In 1999, the Memphis zip code ranked as the third poorest in the country. Home to the Cleaborn and Foote housing projects, unemployment sat above 70 percent. Almost 50 percent of the community lacked a high school degree. Drugs and gangs plagued the community, and most residents had dim prospects of rising out of persistent poverty.
In this environment, Steve Nash founded Advance Memphis in 1999. Recognizing the need for a friendly face and a chance at self-sufficiency, Nash started driving around Memphis’s worst communities trying to personally connect with residents and connect them to work opportunities. Advance Memphis has since expanded its ministry significantly, currently served by nine full-time staff members and numerous volunteers and business partners from the community. Despite its growth, the organization has maintained its individual focus and commitment to teaching Memphis residents the financial and personal rewards of employment.
Students start with the Jobs for Life program, a six-week soft skills job training class. Local business professionals teach responsibility, communication, literacy, computer skills, interviewing techniques, and resume construction and tutor participants for the GED exam. During the Jobs for Life program, Advance Memphis also teaches a financial freedom class, giving students the skills they need to make responsible financial decisions after they graduate. Graduates have the opportunity to open Individual Development Accounts, which encourage them to save and build an asset base.
Advance Memphis does not end the relationship with its clients after graduation but offers a staffing service, jobs at the organization, and off-site work with partner organizations. So far in 2011 alone, 60 graduates from the Advance Memphis program have found jobs, 53 people have graduated from the Jobs for Life program, and three students have earned GEDs.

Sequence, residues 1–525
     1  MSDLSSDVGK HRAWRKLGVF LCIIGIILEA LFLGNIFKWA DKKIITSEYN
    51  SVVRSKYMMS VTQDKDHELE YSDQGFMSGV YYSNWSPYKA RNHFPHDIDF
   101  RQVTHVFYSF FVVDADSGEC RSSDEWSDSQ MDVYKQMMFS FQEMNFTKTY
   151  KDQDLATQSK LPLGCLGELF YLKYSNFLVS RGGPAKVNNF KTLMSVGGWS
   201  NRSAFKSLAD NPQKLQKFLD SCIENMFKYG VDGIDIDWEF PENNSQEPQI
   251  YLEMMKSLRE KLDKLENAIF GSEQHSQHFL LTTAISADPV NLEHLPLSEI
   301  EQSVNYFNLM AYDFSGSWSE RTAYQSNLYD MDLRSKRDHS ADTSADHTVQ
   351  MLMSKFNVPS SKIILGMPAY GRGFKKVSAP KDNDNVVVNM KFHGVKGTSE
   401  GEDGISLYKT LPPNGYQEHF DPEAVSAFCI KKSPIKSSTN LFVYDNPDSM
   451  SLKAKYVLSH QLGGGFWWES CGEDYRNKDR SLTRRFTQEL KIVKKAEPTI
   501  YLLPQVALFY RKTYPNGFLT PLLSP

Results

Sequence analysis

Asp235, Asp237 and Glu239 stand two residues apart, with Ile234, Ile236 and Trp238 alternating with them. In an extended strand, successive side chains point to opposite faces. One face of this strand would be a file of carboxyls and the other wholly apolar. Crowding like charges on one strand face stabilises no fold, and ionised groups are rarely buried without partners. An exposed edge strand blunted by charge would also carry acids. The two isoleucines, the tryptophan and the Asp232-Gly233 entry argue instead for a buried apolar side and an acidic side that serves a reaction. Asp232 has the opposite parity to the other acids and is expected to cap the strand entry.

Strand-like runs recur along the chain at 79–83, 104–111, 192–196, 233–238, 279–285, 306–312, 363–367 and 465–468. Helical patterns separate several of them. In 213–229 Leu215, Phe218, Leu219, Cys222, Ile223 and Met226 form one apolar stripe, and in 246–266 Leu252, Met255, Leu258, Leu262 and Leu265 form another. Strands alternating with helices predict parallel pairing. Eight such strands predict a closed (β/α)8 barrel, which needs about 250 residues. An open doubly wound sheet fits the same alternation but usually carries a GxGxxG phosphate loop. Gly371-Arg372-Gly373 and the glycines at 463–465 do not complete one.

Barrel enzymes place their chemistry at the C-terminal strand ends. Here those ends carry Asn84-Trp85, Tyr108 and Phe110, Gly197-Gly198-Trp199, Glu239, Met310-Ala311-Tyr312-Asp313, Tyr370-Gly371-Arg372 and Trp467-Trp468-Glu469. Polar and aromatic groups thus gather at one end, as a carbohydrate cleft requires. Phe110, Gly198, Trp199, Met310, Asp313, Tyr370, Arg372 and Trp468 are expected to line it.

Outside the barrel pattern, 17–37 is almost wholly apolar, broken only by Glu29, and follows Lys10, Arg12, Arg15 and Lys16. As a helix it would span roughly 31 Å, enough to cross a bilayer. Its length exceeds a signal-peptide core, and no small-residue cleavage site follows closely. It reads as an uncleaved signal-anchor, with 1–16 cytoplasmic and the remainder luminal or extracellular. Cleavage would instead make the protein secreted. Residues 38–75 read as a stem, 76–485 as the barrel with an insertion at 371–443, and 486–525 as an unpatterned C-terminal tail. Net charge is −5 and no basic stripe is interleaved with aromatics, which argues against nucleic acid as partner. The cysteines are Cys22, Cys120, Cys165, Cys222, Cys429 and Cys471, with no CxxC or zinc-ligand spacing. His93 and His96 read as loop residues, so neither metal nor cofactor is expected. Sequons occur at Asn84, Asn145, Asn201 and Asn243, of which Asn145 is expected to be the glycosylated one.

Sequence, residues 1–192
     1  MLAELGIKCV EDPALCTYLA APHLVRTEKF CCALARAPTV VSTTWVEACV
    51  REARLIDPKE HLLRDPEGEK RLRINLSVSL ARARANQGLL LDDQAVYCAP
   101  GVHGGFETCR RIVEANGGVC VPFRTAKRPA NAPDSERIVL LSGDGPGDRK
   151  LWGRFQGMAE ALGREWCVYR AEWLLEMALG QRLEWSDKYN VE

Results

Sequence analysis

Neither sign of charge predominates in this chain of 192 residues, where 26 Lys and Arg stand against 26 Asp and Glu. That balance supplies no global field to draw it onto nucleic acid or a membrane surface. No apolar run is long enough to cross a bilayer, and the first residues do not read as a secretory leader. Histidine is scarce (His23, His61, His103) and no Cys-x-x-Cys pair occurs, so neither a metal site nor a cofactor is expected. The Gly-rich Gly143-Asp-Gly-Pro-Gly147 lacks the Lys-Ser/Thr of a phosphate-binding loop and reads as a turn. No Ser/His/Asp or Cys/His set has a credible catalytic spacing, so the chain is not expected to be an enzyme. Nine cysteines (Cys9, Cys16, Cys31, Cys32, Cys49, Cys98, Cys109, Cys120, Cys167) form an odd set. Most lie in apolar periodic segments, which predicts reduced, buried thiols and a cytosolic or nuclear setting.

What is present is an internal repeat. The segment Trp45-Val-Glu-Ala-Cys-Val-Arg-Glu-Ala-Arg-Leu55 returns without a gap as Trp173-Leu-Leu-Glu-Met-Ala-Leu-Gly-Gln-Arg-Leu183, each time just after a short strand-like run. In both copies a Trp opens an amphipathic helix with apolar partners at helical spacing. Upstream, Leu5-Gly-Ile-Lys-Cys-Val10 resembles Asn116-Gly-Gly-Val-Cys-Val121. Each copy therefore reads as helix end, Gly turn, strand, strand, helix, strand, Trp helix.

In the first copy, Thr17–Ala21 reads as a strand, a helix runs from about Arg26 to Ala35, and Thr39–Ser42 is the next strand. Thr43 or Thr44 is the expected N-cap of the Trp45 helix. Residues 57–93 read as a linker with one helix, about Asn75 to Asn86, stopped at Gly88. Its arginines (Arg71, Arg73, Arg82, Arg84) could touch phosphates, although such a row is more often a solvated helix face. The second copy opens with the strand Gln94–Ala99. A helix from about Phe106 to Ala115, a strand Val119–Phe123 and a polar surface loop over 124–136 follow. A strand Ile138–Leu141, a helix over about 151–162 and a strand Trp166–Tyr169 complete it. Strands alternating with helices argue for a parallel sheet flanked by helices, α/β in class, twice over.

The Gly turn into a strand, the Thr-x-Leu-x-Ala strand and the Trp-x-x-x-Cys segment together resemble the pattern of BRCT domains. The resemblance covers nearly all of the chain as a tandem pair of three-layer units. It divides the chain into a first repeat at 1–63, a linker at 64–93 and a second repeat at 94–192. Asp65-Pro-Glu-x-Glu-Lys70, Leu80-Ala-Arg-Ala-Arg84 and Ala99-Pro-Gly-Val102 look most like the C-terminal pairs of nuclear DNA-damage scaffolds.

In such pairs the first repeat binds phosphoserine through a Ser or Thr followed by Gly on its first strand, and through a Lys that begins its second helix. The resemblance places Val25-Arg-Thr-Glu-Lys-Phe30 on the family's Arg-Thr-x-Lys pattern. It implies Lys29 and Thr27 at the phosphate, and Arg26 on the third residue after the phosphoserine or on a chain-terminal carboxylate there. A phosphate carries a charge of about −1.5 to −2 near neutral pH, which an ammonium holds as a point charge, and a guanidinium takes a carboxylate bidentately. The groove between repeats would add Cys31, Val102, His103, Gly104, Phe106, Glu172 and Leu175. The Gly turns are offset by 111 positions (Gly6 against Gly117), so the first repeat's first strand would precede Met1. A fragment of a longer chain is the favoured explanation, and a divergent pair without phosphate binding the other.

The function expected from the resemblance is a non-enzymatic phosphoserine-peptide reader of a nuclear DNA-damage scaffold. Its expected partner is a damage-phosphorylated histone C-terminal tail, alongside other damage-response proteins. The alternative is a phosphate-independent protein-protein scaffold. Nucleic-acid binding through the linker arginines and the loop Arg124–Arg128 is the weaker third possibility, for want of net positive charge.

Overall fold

Nash credits the success of Advance Memphis to the organization’s emphasis on work and understanding the necessity of employment in achieving self-sufficiency: “This is the key to seeing a life change. When you have a high-profile drug dealer working and holding a job for the first time in his life, that is a positive witness for change.”
Advance Memphis is helping individuals in Tennessee escape a generational cycle of poverty by restoring opportunities for work, not merely increasing handouts. Likewise, effective anti-poverty outreach and policy should begin with a correct understanding of the causes of poverty, which are rooted more in social and relational breakdown than mere material need.
As Robert Rector and Rachel Sheffield write in a recent paper, policymakers should acknowledge the actual living conditions of the poor and the root causes of poverty in order to more effectively allocate resources to those most in need.
Dorothy Williams currently is a member of the Young Leaders Program at the Heritage Foundation. For more information on interning at Heritage, please visit: http://www.heritage.org/about/internships-young-leaders/the-heritage-foundation-internship-program